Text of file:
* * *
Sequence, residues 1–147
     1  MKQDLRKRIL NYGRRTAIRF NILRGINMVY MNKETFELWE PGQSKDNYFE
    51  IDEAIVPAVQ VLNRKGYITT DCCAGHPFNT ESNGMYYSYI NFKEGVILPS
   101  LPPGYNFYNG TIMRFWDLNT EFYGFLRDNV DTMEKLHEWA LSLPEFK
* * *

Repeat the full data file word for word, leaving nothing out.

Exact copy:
Sequence, residues 1–147
     1  MKQDLRKRIL NYGRRTAIRF NILRGINMVY MNKETFELWE PGQSKDNYFE
    51  IDEAIVPAVQ VLNRKGYITT DCCAGHPFNT ESNGMYYSYI NFKEGVILPS
   101  LPPGYNFYNG TIMRFWDLNT EFYGFLRDNV DTMEKLHEWA LSLPEFK